of my own folks. I have said the same
things at home and I do not see as it has
revolutionized society, either. There is
an average of one new society club a week
organized in Topeka all the year around,
and the object of every one of these clubs
is to do just what Christ told his disciples
not to do — spend time and money enter-
taining those who will return the entertain-



ment in kind. I therefore indict civilized
society as not only non-christian but un-
christian. For the same conditions pre-
vail all over civilized America and Europe
as prevail here.

Much more might be said, if we had
time, concerning the aspect of the home"
life in civilization. That' it is far from
Christian in many ways we may seriously
question. There is scarcely a civilized
home in Topeka, consisting of father,
mother, and grown up boys and girls,
where you can find the family all together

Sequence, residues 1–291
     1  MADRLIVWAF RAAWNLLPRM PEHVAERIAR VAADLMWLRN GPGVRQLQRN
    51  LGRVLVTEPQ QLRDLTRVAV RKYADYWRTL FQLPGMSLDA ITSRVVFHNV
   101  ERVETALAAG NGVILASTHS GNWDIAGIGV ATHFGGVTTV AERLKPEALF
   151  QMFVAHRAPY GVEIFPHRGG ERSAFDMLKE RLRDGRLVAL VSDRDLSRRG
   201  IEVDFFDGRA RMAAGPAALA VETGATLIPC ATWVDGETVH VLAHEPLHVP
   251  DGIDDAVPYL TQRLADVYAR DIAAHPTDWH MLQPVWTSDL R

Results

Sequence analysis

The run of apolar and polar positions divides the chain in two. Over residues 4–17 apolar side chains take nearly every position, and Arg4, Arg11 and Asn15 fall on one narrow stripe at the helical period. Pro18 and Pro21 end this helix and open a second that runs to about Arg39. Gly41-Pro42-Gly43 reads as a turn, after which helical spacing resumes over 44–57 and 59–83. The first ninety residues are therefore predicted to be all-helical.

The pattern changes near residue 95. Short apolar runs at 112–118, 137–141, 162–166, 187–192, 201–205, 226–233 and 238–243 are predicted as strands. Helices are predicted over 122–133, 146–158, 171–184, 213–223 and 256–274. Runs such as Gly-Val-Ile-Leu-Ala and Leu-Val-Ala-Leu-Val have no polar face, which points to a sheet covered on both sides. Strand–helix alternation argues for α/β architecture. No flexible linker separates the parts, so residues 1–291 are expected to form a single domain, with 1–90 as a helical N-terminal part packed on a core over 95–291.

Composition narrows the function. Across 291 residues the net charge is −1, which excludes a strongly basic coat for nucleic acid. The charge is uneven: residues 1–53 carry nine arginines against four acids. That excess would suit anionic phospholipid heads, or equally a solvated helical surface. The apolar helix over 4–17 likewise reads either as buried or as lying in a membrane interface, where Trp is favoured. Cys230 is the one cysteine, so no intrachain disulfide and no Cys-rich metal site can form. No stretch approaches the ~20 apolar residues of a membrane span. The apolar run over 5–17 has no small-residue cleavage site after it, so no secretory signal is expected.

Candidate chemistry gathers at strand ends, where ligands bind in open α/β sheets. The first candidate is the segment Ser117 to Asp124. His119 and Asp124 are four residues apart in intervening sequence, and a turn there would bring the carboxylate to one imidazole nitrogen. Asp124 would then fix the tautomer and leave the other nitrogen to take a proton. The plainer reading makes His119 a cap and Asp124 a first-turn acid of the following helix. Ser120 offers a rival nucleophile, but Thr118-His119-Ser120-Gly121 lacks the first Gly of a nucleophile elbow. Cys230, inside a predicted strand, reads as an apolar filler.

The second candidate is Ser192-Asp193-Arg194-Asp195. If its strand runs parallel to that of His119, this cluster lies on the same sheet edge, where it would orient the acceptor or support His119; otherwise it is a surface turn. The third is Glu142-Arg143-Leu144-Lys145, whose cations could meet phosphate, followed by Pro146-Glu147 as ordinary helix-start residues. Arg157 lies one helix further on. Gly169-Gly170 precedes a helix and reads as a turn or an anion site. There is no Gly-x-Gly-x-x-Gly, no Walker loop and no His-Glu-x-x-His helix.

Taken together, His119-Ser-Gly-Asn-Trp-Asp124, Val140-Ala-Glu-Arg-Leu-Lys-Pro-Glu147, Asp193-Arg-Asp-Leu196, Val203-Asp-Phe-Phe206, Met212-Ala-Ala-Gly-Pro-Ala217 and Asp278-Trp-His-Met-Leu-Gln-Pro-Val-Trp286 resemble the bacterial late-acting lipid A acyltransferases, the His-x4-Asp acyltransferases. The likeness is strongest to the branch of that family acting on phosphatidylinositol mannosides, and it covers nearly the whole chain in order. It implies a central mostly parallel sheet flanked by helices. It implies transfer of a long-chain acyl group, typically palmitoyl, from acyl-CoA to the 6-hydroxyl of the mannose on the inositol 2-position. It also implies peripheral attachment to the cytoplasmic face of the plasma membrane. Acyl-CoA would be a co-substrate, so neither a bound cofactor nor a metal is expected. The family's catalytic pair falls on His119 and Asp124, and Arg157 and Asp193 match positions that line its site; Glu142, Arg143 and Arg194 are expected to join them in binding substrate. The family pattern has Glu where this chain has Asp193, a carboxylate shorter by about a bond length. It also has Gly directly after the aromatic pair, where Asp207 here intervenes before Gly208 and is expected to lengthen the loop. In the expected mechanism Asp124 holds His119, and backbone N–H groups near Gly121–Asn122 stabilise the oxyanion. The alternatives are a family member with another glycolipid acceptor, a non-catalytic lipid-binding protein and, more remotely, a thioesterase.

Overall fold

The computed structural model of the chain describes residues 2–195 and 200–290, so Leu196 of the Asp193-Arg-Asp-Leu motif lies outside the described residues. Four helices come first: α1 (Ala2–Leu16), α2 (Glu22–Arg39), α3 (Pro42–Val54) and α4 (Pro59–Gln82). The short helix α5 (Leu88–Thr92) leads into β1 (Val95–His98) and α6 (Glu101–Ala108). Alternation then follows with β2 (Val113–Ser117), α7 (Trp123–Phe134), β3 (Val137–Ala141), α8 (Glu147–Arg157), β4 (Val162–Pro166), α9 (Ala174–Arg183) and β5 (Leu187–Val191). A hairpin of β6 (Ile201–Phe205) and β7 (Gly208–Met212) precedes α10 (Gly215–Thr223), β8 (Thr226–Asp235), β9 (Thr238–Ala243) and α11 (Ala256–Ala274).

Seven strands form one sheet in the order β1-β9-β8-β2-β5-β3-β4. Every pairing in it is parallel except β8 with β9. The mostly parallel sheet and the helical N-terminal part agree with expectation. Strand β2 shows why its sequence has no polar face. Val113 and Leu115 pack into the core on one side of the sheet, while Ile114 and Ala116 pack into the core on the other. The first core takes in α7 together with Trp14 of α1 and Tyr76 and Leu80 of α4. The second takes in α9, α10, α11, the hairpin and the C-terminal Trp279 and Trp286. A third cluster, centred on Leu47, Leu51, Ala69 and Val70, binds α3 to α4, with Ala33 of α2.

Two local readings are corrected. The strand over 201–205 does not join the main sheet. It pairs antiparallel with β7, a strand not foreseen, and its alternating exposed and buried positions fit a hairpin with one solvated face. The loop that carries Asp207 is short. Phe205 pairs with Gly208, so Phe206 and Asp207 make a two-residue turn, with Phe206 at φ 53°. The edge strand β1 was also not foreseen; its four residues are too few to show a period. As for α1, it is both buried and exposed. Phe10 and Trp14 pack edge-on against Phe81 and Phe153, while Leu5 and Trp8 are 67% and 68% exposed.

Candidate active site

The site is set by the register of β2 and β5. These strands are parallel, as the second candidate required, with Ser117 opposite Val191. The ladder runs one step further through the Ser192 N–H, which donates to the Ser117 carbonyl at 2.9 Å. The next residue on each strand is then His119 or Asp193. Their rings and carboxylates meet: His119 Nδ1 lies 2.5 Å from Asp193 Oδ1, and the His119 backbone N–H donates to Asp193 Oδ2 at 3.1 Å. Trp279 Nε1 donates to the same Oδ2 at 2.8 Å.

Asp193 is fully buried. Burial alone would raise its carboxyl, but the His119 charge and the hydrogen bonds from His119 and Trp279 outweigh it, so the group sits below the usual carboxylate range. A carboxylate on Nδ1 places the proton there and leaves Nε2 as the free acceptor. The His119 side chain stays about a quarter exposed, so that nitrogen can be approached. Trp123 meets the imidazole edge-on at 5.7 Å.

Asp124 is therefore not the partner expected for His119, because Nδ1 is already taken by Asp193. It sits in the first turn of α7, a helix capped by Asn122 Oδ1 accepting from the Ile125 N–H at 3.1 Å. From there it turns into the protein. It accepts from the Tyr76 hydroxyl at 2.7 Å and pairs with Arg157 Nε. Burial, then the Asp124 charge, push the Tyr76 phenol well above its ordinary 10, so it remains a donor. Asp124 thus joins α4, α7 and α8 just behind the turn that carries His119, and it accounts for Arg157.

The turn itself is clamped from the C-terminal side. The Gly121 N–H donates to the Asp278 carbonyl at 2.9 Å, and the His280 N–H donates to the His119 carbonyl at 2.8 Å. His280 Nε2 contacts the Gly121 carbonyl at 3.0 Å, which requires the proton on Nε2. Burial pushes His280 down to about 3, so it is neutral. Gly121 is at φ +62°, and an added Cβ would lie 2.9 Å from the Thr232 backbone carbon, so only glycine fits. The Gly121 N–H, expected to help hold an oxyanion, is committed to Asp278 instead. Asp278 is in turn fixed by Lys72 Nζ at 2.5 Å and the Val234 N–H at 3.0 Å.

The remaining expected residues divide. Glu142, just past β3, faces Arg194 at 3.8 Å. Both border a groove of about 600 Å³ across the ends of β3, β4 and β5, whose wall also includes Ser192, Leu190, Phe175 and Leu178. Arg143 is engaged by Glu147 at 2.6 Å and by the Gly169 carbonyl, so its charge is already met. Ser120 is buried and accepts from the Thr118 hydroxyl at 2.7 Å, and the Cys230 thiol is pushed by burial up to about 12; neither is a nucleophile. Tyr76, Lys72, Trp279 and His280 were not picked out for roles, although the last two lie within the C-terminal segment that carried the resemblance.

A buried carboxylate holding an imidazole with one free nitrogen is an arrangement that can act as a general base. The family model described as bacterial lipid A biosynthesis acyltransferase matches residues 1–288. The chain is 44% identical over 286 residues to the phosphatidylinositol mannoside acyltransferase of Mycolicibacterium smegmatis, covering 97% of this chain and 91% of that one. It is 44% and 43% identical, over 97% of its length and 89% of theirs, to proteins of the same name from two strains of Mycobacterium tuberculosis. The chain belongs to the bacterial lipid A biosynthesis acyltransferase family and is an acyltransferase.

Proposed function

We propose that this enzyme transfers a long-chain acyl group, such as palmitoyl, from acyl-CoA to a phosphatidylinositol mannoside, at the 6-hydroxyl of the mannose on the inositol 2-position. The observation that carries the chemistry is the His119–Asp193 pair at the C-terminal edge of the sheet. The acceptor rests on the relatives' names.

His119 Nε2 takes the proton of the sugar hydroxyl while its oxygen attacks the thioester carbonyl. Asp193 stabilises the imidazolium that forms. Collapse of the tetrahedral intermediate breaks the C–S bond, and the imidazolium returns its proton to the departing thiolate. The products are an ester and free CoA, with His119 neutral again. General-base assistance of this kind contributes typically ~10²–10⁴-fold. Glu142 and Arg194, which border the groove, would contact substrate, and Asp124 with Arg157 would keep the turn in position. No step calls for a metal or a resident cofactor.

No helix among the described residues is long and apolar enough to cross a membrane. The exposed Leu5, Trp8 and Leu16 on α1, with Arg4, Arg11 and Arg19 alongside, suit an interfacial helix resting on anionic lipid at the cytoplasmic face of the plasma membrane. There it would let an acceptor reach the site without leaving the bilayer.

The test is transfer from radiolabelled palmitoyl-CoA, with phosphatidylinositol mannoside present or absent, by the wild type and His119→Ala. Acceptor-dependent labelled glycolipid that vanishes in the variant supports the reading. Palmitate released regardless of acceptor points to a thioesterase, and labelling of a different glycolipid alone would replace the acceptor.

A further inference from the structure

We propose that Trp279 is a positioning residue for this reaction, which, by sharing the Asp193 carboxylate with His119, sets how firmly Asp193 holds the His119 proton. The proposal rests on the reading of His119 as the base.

one night in a week. In order to keep a
group of boys and girls at home, some-
thing extraordinary must be done in the
way of entertainment. The common
homely pleasures of home will not do
at all. I would venture the assertion,
although I have no absolute statistics to
back it up, that j^ou may pick out a hun-
dred civilized homes in any part of Tope-
ka you may choose, and then select any
night in the week you wish, and call at all
those homes and you will not find a whole
family together, all the members of it, in
live homes out of the hundred. Society
has absorbed the homes, more's the pity!
And it is not Chrisi^ian in its adherence to
the teachings of Jesus Christ. It is non-
christian in its expenditure of time, money
and energy.

IL Let us .look at the Political Test.
Christ spoke very plainly and unmistaka-
bly on the political question. The one
great aim of human government is the
righteousness, prosperity, peace and hap-
piness of all the people. Granted that
that is a fair purpose for a government to
have for existing, Christ spoke directly to
the point. He said: "Seek ye first the
kingdom of God and His righteousness
and all these things shall be added unto

Let us look at the facts in the case as
they actually are in this country: Will
any man dare say that our civilization
politically has been trying to obey, even